1. The Vegetable Dish and Cover 1808, by Paul Storr
One of a pair, this dish forms part of the large collection of Regency silver from the estate of the sixth Marquess of Ormonde. Accepted in lieu of capital transfer tax by HM Treasury and allocated to the Bowes Museum in 1982.
2. The Cleveland Cup 1840
Won by John Bowes’ horse Hetman Platoff , one side of the cup is engraved ‘The Earl of Uxbridge’ and underneath ‘Lord George Bentinck’, bracketed together as ‘Stewards’. The other side is inscribed ‘Wolverhampton Races 1840.’
3. Spice Box, London 1610
Such an object was considered a great luxury in Jacobean England, a special container for expensive spices imported from the east. Note the latch for a tiny padlock or fastener on the lid! It is marked with the London date letter for 1610 and the makers mark ‘TT’ above a star, which is no longer identifiable as the records of the goldsmiths company were burnt in the Great Fire of London 1666. It also bares the later monogram of the Earl of Roseberry It was purchased by the Museum in 1977.
4. Mouse Automaton 1818
Bought by Joséphine in London on the 12th May 1871 when the couple were sheltering from the siege of Paris, the item may have had a special significance for them, as John called Joséphine ‘puss’. Decorated with gold, pearls, enamel and garnet eyes, the mouse is worked by clockwork and runs around, stops, and twitches its whiskers before continuing its journey.
5. John Bowes’ Watch with Chain and Sealsc. 1860, French, maker Le Roy et Fils, Paris
This gold watch chain carries an amethyst seal cut with a sheaf of arrows surmounted by a buckled belt, carrying the Bowes family motto ‘sans variance terme de vie’, steadfast unto the end. The Bowes family originally headed a company of bowmen and archers in the service of William the Conqueror at Bowes castle .The Bowes coat of arms bears three long bows and a sheaf of six arrows. A gold cube set with garnets, as markings on a dice, is possibly a reference to the Streatlam stud.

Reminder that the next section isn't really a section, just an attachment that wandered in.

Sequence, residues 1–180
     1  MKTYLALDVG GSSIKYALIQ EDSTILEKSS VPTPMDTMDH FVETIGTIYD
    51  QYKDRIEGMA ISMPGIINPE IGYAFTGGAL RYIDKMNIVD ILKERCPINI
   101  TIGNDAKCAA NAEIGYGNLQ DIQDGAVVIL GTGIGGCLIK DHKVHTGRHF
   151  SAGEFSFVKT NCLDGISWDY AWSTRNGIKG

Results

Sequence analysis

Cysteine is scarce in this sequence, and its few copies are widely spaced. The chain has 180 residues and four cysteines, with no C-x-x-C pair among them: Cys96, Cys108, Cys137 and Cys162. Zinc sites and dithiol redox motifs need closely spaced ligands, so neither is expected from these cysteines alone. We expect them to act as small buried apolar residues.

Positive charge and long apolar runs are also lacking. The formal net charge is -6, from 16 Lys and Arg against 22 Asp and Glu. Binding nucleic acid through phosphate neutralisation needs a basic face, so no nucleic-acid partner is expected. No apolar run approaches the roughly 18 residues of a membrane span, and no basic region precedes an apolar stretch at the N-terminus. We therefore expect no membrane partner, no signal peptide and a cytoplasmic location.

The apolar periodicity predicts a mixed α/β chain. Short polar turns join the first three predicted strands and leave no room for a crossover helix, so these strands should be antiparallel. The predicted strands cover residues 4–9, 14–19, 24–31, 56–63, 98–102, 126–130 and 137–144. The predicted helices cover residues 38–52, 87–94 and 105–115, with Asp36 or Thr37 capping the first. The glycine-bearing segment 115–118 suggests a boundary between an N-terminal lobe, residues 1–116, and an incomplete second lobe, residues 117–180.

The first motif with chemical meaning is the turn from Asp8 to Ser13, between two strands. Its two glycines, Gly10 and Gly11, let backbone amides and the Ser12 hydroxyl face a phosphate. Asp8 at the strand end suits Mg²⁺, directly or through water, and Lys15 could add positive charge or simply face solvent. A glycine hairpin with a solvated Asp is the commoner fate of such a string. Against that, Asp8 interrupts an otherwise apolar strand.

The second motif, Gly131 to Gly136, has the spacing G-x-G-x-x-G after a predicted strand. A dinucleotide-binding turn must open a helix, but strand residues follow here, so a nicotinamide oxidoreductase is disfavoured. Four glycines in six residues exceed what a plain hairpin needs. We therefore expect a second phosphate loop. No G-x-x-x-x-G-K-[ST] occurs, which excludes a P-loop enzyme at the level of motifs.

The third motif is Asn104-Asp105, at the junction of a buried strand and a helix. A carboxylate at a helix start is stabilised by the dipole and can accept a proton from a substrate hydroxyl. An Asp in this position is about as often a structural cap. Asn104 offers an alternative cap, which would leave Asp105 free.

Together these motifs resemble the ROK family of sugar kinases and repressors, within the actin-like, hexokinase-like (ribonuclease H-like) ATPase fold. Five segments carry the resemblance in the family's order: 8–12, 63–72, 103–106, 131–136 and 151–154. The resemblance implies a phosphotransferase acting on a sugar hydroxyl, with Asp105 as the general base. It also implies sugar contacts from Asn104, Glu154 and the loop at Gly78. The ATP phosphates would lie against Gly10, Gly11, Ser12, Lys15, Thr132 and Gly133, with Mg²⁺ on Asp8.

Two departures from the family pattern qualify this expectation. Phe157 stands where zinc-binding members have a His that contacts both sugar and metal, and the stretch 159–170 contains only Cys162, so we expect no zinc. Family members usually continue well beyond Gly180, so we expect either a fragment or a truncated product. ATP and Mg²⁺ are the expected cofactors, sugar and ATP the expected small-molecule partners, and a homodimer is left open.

6. Lady’s Watch and Pearled Chainc. 1810, French, maker Charles Oudin, Paris
This is possibly the watch acquired by Joséphine Bowes from the dealer Mme Lepautre in 1868, described as a ‘little watch - gold and fine pearls 55 francs’. Following John Bowes’ death in 1885, the Trustees of The Bowes Museum attempted to recover items in Paris destined for the museum, this included ‘a very small watch for the neck with a gold chain and pearls, 500 francs’
7. Fountain Mask
Gilt bronze grotesque fountain mask of a River God from the home of Philip d’Orleans, brother of Louis XIV Purchased in 1966 in memory of Tony Ellis (late Deputy Museums Director)
8. Napoleon III Snuff Box c.1850
Strawberry coloured enamel, diamond studded N’s and an imperial crown are all features of this presentation snuff box of Napoleon III. The inside rim of the box is signed; ‘G. Lemonnier Joullier de la Couronne Place Vendome No.25.’ Gabriel Lemonnier became famous after showing his wares at the Crystal Palace Exhibition in 1851; he was particularly noted for two parures made for Queen Isabella II of Spain. He was awarded the ‘Medal of the Council’, the highest award, and after the exhibition was made a chevalier de la Legion d'Honneur by the Prince - President, and when the Empire was revived 31 May 1853 he was made jeweller to the crown
9. Saint Sebastian c.1523 Spanish
This object depicts Saint Sebastian left for dead. Persecuted by the Romans, Diocletian sentenced Sebastian to death by arrows for attempting to convert Romans to Christianity. Miraculously the arrows did not kill Sebastian and he was nursed back to health, however Diocletian did manage to kill Sebastian c.288 by clubbing him to death.Sebastian’s hair is gilt as are the arrow-head and the column is engraved with acanthus leaf ornament. The foot is engraved with the date 1523.
10. Sappho, Ancient Greek writer of lyric poetry 1848, James Pradier 1792-1852 French
Cast in solid silver, the standing Sappho is the most famous example of a series of sensual Antique women which Pradier created in the neo-classical style during the 1840’s. The elegant statue represents Sappho as poetess and brooding lover. The scroll is inscribed in Greek with the last stanza of her ‘Ode to Aphrodite’.